Ultimately, all physicians have ethical obligations to act beneficently, to do their best for the individual patients seeking their care. But, as Kant noted, beneficence has limits. A reality of modern health care is that some patients have access to the best that money can buy and others have access to significantly less. Regardless, a physician must do her best to advocate for and inform her patient of best possible treatments even when state of the art care is not available. This is good care. Francis Peabody perhaps put it best when he said, “[T]he secret of the care of the patient is in caring for the patient.”14
Hippocrates. The Oath. Loeb Classical Library. https://www.loebclassics.com/view/hippocrates_cos-oath/1923/pb_LCL147.299.xml. Accessed July 11, 2018.
- Kao AC, Parsi KP. Content analyses of oaths administered at US medical schools in 2000. Acad Med. 2004;79(9):882-887.
Weiner S. The solemn truth about medical oaths. AAMC News. July 10, 2018. https://news.aamc.org/medical-education/article/solemn-truth-about-medical-oaths. Accessed October 22, 2018.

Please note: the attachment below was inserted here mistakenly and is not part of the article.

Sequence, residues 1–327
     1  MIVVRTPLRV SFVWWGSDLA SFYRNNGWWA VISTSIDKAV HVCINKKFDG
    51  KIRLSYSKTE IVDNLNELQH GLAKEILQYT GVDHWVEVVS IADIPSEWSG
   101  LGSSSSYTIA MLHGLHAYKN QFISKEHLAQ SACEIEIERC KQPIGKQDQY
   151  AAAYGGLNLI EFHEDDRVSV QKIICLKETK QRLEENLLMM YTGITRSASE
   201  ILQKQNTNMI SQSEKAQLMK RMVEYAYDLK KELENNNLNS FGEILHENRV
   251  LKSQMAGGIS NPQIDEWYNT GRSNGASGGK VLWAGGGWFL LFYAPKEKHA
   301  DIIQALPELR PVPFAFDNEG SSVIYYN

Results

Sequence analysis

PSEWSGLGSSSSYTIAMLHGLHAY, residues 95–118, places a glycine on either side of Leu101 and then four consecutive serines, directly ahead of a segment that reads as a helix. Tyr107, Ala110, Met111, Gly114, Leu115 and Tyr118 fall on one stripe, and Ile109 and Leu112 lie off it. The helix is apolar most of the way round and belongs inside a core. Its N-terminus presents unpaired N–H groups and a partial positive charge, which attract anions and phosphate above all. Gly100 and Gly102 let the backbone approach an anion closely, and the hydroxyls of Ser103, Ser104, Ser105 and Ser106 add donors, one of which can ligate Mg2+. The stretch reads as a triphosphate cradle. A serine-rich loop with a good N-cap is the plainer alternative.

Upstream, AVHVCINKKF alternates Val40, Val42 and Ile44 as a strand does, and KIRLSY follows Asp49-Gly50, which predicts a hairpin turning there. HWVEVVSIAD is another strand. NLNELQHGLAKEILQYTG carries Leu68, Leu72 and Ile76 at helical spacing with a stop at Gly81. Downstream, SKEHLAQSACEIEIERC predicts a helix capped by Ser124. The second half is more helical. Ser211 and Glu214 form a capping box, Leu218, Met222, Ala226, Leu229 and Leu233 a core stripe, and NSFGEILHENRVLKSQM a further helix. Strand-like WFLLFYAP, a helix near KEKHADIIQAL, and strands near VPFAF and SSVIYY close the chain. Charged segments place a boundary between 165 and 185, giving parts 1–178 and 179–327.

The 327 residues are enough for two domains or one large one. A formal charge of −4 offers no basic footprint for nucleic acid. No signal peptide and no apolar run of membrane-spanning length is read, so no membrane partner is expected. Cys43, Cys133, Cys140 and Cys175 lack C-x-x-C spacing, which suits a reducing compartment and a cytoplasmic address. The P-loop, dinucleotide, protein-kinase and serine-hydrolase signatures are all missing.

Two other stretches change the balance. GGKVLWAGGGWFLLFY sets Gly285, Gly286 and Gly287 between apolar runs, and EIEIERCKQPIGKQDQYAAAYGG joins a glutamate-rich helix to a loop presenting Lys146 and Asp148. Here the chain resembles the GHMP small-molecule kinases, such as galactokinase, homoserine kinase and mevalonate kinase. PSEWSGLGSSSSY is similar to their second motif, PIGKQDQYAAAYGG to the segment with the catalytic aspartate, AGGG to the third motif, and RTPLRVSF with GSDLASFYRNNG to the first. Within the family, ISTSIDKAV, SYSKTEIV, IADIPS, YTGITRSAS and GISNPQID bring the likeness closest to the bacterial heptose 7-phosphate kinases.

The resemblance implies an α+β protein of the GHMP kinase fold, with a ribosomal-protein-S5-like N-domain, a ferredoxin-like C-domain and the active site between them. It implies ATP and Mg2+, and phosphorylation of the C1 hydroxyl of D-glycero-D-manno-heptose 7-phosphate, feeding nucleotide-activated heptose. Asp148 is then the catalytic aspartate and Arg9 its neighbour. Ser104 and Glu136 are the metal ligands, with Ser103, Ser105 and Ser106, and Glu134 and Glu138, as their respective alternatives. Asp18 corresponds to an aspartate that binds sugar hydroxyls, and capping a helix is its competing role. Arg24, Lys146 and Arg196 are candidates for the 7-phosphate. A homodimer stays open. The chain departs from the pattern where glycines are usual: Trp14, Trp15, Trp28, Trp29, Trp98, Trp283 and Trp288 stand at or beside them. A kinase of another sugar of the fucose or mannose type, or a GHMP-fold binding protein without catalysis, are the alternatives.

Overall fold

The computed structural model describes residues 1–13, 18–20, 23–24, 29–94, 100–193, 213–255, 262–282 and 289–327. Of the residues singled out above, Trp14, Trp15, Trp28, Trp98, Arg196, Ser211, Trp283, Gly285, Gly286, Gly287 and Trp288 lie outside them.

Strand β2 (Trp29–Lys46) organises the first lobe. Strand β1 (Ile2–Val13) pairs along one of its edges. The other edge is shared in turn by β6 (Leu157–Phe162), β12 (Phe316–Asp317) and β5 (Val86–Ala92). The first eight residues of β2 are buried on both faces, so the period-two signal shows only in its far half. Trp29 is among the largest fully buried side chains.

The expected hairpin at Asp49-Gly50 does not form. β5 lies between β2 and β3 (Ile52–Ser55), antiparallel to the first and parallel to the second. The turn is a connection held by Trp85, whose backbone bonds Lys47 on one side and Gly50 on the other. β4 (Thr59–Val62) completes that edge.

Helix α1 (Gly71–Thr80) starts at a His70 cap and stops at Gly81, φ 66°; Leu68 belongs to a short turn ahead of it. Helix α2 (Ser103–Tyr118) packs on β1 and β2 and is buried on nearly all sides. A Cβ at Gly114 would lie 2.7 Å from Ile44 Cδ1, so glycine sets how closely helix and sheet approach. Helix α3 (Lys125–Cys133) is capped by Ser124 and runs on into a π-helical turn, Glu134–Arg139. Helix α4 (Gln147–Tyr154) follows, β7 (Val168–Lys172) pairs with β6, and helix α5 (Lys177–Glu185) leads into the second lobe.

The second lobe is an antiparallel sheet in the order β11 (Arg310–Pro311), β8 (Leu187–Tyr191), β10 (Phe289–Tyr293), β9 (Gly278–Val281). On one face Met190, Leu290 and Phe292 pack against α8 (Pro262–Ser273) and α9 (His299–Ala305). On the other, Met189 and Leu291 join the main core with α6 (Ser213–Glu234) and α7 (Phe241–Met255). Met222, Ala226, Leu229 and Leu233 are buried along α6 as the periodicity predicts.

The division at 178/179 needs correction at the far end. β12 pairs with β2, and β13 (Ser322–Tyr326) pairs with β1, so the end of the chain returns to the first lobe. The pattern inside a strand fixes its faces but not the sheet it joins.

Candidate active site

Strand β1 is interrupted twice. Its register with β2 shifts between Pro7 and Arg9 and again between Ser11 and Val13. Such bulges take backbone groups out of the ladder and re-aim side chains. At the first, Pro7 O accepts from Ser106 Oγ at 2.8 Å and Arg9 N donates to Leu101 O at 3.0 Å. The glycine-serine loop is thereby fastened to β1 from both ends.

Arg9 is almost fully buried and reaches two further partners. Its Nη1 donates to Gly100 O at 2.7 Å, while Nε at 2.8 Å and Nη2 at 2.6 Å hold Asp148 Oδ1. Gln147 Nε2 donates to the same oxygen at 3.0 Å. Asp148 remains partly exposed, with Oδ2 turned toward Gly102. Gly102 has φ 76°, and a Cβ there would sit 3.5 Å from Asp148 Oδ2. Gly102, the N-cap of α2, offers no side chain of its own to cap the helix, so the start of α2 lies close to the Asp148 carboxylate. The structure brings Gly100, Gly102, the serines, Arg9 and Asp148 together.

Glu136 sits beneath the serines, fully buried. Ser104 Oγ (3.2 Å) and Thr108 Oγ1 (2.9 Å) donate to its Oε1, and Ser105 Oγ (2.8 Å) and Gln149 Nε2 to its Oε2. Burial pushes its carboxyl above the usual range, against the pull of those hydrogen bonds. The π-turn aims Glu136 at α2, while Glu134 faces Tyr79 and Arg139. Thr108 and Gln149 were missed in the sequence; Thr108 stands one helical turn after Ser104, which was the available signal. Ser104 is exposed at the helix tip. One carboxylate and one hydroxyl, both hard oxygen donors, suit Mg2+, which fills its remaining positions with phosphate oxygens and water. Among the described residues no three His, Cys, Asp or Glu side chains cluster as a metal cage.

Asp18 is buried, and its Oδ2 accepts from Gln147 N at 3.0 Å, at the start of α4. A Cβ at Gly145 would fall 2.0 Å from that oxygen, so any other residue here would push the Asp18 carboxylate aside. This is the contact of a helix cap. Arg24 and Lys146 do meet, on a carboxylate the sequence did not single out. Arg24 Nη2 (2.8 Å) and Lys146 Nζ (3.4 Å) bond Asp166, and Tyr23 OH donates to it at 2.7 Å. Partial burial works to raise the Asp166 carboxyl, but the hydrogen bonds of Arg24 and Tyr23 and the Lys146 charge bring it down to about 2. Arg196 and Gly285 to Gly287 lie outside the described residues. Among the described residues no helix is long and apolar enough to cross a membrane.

World Medical Association. WMA Declaration of Geneva. https://www.wma.net/policies-post/wma-declaration-of-geneva/. Amended October 2017. Accessed October 22, 2018.
Project Access website. http://pa-nh.org/about-us/history/. Accessed October 22, 2018.
- Spatz ES, Phipps MS, Wang OJ, et al. Expanding the safety net of specialty care for the uninsured: a case study. Health Serv Res. 2012;47(1, pt 12):344-362.
Butala N, Murk W, Horwitz LI, Graber LK, Ellis P. What is the quality of preventive care provided in a student-run free clinic? J Health Care Poor Underserved. 2012;23(1):414-424.
- Darnell JS. Free clinics in the United States: a nationwide survey. Arch Intern Med. 2010;23(1):414-424.
Kant I. Ethical Philosophy. 2nd ed. Ellington JW, trans. Indianapolis, IN: Hackett Publishing; 1994.
Schiff GD. Crossing boundaries—violation or obligation? JAMA. 2013;310(12):1233-1234.
- Dobson S, Voyer S, Regehr G. Agency and activism: rethinking health advocacy in the medical profession. Acad Med. 2012;87(9):1161-1164.
American Medical Association. Declaration of professional responsibility: medicine’s social contract with humanity. Mo Med. 2002;99(5):195.
- Freeman J. Advocacy by physicians for patients and for social change. Virtual Mentor. 2014;16(9):722-725.
- Peabody FW. The care of the patient. JAMA. 1927;88(12):877-882.